By Bernice Kok, as shared on Christianity Malaysia
There’s no doubt that learning is a huge and essential aspect of our daily lives. In my opinion, “A life without learning is not a life worth living.” It doesn’t matter whether you’re learning new stuff at school, work or even by yourself; learning should always be a part of your daily life, even when you’re old and wrinkly. That’s why old people are so wise because of their years of learning from their own mistakes and life experiences.
With one of the children at the EduCenter
I have always admired the many people who pursue the noble career of teaching. While there may be many teachers who only perform the bare minimum, there are still those out there who carry the passion for teaching and raising up the next generation of world citizens. They are like precious gems, scattered across the globe, with hearts of gold, even though they can be pushy and tough sometimes.
These teachers spend extra hours helping students who are falling behind in their studies. They are the ones who will forever be imprinted in our memories because of both the academic and life lessons they have taught us.
So when my mother first approached me to be a temporary assistant teacher at the Educenter in tNCC, I was honoured, thrilled … and afraid. I was afraid that I wouldn’t be able to live up to the standards that my previous teachers had set before me. I didn’t want to teach for the sake of earning some extra money for my laptop fund or filling my free time before I started college. I wanted to make a difference. I wanted to be able to impact the lives of the children and students under me for the better.
As the school grew larger, my responsibilities increased. Even though I’m not the most patient person in the world, I tried my best to help my students with their studies and to develop relationships and bonds with them. I believe that in order to lead and guide someone, you must first have a relationship with them first so that they will trust you and your advice.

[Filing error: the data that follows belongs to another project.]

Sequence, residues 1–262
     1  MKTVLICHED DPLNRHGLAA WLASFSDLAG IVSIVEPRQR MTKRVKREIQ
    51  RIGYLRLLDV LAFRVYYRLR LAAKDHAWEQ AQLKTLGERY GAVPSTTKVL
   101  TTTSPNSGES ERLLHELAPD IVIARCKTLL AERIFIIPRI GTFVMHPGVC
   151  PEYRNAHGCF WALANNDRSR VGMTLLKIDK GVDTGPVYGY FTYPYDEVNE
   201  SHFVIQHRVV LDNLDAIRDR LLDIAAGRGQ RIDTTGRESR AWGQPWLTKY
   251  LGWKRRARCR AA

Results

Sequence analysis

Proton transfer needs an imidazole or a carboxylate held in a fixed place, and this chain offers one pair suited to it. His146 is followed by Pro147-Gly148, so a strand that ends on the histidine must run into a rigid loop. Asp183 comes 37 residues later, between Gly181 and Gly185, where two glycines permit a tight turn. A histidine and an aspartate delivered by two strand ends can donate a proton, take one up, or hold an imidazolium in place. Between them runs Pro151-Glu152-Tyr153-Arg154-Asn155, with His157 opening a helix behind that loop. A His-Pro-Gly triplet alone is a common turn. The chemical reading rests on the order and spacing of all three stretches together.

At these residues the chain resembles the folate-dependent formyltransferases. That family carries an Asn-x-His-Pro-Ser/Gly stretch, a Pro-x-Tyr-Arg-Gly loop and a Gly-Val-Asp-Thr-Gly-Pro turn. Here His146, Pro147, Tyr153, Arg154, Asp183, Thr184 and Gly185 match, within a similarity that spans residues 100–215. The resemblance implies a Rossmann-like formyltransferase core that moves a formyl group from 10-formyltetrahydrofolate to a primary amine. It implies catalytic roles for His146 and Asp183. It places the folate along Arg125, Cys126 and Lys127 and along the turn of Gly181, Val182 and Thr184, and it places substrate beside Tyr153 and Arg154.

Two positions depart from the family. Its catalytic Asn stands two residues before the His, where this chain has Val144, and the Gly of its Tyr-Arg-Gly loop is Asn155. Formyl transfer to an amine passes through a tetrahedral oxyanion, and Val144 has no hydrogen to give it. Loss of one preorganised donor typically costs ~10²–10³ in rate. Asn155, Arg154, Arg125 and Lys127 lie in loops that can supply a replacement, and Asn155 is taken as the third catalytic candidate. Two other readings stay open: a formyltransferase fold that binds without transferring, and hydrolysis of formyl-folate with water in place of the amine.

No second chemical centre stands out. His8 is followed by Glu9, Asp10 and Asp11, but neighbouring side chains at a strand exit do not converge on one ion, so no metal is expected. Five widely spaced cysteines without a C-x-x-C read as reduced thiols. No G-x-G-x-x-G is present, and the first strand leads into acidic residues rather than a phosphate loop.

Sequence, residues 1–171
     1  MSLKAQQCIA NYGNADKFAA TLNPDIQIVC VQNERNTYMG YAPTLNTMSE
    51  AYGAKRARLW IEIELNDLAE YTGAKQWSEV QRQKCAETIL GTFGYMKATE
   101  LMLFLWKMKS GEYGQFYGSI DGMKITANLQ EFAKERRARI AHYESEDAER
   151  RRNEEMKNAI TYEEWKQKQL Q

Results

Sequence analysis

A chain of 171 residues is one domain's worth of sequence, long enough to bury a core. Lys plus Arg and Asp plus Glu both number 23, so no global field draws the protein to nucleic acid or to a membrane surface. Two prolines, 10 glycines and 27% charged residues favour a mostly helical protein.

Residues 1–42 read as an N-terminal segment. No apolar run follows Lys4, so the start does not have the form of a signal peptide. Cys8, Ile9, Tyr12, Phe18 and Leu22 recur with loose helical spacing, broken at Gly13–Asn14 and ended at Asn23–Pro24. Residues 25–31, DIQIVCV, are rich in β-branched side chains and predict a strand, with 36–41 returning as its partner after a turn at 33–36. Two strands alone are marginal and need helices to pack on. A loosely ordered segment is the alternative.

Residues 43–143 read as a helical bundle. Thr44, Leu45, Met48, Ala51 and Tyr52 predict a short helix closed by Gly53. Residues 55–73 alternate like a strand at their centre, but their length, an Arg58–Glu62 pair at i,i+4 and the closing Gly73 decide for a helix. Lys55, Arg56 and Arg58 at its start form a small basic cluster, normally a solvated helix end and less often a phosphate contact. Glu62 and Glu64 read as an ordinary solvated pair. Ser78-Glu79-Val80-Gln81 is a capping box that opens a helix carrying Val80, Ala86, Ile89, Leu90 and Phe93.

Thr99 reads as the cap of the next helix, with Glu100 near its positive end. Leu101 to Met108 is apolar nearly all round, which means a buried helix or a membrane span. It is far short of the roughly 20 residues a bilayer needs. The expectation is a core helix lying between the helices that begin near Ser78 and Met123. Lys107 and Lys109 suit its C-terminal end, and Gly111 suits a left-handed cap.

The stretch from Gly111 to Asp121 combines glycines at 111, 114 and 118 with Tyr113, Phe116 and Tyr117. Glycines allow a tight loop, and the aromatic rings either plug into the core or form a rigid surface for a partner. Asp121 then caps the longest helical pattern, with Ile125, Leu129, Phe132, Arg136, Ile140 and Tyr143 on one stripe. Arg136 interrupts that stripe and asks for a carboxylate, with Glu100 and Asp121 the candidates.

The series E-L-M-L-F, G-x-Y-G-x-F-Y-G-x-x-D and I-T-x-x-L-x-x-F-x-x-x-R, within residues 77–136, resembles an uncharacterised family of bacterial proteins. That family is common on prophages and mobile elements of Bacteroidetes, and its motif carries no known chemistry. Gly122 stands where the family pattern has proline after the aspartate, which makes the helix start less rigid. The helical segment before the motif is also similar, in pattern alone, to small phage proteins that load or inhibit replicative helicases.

Even though I was the teacher and, technically, the students were the ones who should be learning from me, I, too, learned a lot from observing and talking to them. During the five months that I had with them, it was like watching a live TV series every day. I had forgotten how dramatic everything could be when you are a kid.
As I watched them, I continually reflected upon my own life and realised that true friendship is something that is extremely rare. There are many people out there who can pretend to be your friend, but those who stick with you — through thick and thin, highs and lows and even the loopy loops that life may throw your way — are the ones whom you should cherish and hold dear to your heart.
Another thing I learned from my time teaching is that potential exists in every single person. It’s so easy these days to label people as mentally challenged or “troubled”, but what we fail to realise is that there’s potential inside them too. I’ve personally watched the growth of one girl who was placed under my care for a couple of months.
Initially, she was a handful and I was doubtful that she would ever be able to improve, but she proved me wrong. Through all the obstacles we faced together, the roller coaster ride of emotions, the times I lost my temper and scolded her, she has since changed and grown tremendously.
There’s nothing quite like the satisfaction of watching a kid grow and mature and improve in every aspect of their life and being a part of it. I’m 17 this year, but I believe I have already experienced a part of what it feels like to be a parent, thanks to the girl. I hope that she will never forget the impact, no matter how big or small it may be, that I tried my best to make on her life. I guess this is how all parents feel; after all, they are the very first teachers we encounter in our lives.
NOTE : Bernice Kok is a Student of Communications, Taylor University, Subang, and served as an assistant teacher at the tNCC EduCenter. To find out more about the tNCC EduCenter, you can visit their FaceBook page or their website.